(Note: A copy of this book was provided to The Baby Bookworm by the publisher in exchange for an honest review.)

World So Wide (Alison McGhee)

Hello, friends! Our book today is World So Wide, written by Alison McGhee and illustrated by Kate Alizadeh, a tender ode to new families and the joy of welcoming a baby.

Somewhere in the world so wide, there is a person who is the youngest person alive – and once upon a time, it was you. Addressing the reader directly, the narration describes all the firsts that a child experiences – the first things they see, feel, hear, smell, etc. – as illustrations watch a father and mother introduce their own little one to the world around him. Perhaps the most incredible firsts are the feelings felt as a family grows and loves, and perhaps one day, that little person will grow to experience the joys of parenthood themselves.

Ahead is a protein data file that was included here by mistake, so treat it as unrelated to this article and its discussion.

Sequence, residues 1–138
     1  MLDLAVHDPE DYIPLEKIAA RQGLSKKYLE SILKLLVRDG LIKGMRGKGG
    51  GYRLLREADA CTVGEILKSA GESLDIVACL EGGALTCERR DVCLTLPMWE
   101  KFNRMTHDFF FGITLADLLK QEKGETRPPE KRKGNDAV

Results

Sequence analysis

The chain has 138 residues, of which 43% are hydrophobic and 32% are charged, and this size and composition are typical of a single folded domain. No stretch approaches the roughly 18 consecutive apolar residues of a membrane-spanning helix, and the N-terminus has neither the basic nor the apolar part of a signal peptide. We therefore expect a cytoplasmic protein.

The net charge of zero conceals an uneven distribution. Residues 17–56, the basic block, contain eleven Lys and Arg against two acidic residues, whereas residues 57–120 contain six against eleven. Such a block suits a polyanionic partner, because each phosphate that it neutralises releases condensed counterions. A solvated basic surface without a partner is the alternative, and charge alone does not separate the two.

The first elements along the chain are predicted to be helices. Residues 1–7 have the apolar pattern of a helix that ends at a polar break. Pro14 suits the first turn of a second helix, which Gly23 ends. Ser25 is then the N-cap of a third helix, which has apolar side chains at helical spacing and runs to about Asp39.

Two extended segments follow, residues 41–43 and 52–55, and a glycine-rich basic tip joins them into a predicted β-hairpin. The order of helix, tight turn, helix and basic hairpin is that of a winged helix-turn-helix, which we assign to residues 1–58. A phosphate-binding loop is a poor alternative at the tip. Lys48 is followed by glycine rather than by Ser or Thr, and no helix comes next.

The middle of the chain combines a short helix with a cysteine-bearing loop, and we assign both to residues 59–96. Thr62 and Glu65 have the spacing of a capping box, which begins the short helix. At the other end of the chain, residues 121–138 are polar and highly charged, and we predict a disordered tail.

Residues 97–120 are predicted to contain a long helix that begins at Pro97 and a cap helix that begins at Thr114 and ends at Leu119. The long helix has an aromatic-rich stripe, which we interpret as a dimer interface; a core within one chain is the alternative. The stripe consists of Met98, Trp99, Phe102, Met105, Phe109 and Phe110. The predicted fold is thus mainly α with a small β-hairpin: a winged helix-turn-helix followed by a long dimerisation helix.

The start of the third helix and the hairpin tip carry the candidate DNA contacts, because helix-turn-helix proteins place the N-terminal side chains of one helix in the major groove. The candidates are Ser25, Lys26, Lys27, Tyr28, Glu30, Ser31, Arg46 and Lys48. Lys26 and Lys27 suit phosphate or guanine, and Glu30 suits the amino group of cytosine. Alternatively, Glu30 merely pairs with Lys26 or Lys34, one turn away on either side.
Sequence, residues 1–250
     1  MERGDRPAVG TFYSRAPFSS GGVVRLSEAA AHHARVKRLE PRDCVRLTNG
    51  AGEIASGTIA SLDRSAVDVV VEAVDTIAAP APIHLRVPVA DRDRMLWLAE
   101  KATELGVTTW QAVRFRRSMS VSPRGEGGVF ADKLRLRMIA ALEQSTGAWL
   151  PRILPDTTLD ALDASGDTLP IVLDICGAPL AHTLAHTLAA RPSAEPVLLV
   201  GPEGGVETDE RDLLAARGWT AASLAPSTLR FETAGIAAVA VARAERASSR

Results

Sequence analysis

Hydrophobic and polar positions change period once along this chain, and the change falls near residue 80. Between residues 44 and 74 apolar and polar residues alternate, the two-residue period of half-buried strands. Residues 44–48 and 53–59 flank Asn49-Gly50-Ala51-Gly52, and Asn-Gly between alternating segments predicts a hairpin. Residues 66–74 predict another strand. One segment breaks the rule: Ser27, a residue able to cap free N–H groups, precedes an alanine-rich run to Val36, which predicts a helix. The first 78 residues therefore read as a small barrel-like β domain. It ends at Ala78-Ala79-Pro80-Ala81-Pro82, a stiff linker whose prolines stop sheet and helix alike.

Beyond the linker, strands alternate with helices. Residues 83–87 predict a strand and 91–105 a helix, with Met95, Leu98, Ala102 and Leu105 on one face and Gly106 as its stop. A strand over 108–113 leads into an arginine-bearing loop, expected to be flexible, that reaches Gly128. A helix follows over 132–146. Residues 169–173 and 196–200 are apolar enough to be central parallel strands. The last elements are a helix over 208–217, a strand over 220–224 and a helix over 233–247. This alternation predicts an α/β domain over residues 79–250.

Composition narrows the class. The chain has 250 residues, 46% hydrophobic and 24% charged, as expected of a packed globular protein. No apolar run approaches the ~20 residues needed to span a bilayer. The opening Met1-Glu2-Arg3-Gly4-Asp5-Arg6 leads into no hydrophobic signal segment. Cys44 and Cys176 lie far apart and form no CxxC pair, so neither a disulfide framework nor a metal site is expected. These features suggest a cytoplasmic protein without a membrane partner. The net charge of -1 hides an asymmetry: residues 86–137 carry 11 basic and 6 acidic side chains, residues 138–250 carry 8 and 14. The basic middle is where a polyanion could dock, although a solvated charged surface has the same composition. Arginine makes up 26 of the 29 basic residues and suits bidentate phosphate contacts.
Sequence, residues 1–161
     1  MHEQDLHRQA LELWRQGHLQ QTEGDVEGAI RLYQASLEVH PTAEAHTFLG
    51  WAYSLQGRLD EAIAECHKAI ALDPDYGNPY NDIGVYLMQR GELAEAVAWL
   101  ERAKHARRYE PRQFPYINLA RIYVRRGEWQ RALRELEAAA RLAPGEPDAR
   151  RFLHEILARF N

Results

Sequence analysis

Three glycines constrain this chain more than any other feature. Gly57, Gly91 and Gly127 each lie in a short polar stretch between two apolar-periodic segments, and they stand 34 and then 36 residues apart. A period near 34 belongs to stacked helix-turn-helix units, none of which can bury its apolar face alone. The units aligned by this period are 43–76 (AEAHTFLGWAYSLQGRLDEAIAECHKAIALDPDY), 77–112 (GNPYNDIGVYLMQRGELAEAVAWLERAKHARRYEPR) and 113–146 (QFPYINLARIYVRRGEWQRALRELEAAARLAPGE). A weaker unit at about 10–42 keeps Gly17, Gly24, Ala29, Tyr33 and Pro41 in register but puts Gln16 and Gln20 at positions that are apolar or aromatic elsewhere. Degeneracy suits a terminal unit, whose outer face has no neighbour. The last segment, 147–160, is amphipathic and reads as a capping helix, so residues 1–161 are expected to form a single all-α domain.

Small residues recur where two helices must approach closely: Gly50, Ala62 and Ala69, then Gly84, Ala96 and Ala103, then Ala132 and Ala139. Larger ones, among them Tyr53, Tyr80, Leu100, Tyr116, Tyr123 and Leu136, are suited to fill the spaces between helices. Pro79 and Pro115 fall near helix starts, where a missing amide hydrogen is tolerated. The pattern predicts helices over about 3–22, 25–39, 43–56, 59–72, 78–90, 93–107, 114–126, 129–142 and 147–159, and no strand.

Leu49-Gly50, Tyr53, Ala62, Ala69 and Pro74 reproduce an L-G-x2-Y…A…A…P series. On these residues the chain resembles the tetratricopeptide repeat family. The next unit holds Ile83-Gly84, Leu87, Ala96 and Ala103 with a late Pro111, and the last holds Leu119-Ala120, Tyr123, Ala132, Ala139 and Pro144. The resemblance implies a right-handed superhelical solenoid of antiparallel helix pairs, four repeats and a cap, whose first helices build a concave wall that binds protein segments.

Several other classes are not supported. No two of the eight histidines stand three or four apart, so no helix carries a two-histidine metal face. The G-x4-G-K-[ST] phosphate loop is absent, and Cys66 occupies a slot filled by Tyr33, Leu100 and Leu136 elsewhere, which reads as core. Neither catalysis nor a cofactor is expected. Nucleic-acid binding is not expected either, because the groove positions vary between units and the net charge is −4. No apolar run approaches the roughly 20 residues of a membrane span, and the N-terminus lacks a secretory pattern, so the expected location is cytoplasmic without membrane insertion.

Heartwarming. This sweet and gentle look at one extended family is soft and comforting in tone, both visually and in the text. Minimal, serene free-verse wraps around the reader like a warm blanket, making for a comforting read. The illustrations are colorful yet equally calm, switching between pleasant scenes of family outings, homey moments, and closeups of the baby and his parents bonding. I particularly liked the visuals of the ending, in which the baby has grown into a father himself; the new father is seemingly a single parent and sports an earring and vaguely alternative hairstyle. It’s a nice, subtle way of showing that families come in all shapes and sizes (his own parents are a mixed-race couple). The length was great, and JJ enjoyed the soothing story. A lovely look at the bond between parents and their babies, and it’s Baby Bookworm approved.